Owning time


I logged in to WordPress today, only to discover yesterday’s post was my 600th post on this blog. I feel this deserves an exclamation point, however the powers that be discourage writers from using such overwrought expressions of delight. So, I shall refrain from the exclamation, however I will add one or five in my head. I find few things in life capable of keeping my attention and my participation for this length of time, so I consider this a huge victory for quitters everywhere. Something finally stuck. Exclamation point.

Aside from congratulating myself, I wanted to start today with the phrase “This time of year…” because I find all sorts of conundrums and emotional issues surface during the holiday season.

This time of year, my schedule gets hijacked.

Class parties, recitals, one last coffee before the school break, final projects, list making, gift purchasing–these all combine to create a weekly schedule that leaves little time for the things I need or desire to do. I manage to corral my family into showing up where and when they should with mostly clean clothes and somewhat full bellies, but I don’t always manage to surrender to the holiday schedule with grace. CS Lewis calls this “a sense of ownership-in-Time”. I believe my time is my own, that I am the “lawful possessor of twenty-four hours”, and woe to the people who mess with this flawed belief. I find myself crying over having to write in the margins of my day. I grow frustrated when an issue pops up and needs immediate resolution, or I snap at my children when they ask me what’s for dinner. Dinner is whatever I can scrounge from the almost empty fridge before we need to leave the house again this evening, I say in a huff.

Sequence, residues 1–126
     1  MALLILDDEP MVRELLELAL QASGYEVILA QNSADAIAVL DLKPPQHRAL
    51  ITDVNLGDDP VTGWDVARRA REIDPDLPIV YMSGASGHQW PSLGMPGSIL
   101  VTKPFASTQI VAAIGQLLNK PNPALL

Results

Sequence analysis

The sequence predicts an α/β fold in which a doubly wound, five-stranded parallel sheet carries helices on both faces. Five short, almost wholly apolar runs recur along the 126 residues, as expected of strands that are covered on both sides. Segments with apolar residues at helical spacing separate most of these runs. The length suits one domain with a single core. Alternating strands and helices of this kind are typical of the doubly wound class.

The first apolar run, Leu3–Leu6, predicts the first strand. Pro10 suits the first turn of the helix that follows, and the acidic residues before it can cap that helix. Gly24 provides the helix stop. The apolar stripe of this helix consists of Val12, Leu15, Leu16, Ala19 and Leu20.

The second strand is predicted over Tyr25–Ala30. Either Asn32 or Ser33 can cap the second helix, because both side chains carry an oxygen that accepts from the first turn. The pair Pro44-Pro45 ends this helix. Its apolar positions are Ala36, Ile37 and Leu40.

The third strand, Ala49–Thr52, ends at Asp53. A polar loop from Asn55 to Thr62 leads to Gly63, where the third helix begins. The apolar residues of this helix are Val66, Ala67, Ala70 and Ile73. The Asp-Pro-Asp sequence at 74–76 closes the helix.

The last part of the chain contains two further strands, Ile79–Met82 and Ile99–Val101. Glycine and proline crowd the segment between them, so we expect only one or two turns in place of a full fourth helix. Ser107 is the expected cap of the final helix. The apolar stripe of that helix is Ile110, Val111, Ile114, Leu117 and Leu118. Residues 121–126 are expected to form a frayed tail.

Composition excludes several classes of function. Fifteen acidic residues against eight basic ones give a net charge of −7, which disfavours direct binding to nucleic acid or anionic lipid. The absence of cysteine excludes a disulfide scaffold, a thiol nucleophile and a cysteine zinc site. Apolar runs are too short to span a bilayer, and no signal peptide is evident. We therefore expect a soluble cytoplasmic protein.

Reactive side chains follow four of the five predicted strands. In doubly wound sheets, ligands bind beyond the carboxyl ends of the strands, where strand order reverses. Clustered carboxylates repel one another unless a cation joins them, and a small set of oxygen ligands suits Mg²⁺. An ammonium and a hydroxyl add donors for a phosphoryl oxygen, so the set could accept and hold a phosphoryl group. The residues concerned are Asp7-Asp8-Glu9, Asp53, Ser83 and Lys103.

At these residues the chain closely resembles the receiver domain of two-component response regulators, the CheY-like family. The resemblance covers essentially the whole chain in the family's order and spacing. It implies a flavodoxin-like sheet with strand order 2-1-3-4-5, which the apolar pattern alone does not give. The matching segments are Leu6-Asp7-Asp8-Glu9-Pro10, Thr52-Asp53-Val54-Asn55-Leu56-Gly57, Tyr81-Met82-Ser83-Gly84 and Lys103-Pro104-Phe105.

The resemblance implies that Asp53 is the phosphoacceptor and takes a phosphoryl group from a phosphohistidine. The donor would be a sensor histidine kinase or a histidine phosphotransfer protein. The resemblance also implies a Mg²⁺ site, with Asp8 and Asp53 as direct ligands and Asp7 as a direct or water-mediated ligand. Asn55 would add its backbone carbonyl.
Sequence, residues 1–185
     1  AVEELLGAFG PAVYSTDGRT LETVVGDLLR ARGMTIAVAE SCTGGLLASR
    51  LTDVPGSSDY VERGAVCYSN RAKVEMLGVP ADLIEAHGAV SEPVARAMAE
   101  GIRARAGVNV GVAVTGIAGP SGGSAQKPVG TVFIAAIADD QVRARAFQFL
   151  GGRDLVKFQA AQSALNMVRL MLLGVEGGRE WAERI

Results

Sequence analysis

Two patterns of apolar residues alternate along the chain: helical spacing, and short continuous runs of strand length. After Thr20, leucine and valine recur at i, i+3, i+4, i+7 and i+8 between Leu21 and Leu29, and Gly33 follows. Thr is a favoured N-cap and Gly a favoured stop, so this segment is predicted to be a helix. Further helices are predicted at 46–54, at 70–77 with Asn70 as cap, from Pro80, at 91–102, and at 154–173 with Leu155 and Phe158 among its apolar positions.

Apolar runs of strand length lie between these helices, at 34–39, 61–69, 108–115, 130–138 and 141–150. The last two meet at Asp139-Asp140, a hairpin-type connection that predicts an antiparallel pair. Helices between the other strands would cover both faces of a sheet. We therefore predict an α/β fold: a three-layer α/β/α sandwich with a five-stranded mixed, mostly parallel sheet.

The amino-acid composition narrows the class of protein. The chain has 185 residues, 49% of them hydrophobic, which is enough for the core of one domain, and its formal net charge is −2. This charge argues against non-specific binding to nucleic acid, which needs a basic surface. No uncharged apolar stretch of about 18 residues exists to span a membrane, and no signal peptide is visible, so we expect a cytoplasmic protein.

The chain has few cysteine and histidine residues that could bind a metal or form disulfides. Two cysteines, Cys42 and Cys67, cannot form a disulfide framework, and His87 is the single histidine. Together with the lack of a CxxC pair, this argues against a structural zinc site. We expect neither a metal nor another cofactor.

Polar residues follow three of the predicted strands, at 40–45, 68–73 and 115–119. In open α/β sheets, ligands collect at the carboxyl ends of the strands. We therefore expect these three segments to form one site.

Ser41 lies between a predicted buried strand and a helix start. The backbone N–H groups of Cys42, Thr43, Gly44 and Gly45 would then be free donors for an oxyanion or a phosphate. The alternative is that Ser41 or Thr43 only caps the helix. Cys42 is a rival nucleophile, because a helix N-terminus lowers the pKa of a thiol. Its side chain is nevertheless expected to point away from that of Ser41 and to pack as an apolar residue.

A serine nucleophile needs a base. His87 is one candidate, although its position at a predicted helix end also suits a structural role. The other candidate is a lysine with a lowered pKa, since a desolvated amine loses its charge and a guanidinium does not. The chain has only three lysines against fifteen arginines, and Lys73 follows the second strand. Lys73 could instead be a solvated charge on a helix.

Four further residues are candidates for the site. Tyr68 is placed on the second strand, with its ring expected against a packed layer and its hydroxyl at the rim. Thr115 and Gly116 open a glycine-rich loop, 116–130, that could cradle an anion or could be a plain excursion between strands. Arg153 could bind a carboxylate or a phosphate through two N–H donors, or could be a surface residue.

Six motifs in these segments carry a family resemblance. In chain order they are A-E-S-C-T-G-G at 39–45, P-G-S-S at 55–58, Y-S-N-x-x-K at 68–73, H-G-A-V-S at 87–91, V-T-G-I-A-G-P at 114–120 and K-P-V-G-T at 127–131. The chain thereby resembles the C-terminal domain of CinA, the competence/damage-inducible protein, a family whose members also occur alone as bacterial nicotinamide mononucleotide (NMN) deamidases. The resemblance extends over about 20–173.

My daughter confronts my possessive attitude when she says, I know you like taking care of us, but you don’t really like doing the laundry. Or cooking. Or cleaning up. And after I pull the dagger from my heart, I realize she believes this because I treat these duties as if they are an interruption to my day, an interruption to the time I could spend doing something more interesting than treating a spaghetti sauce stain on her white t-shirt. Can I tell you this wound hurts? No mother wants their child to believe caring for her is another chore to tick off the list, another thing to do before Mom gets to sit down and open the laptop. My own attitude offends me, not to mention my children.

I do not own my time, I am merely a steward of it. If one kid starts going off the rails and I need to squeeze in a chat with a teacher? Steward my time. When another child wants to attend one last dance rehearsal, but it wreaks havoc on my previous plans? Steward my time. When friends want to meet for one final coffee before we all go our separate holiday ways? Steward my time. With grace, with love, with the full knowledge I will wish for these opportunities and moments back after the children move on.

This time of year, twenty-four hours doesn’t seem like enough. But when I stop grasping and start giving, twenty-four hours becomes a gift and not a burden.

Do you struggle with this too? How do you manage your time over the holidays? I’m all ears.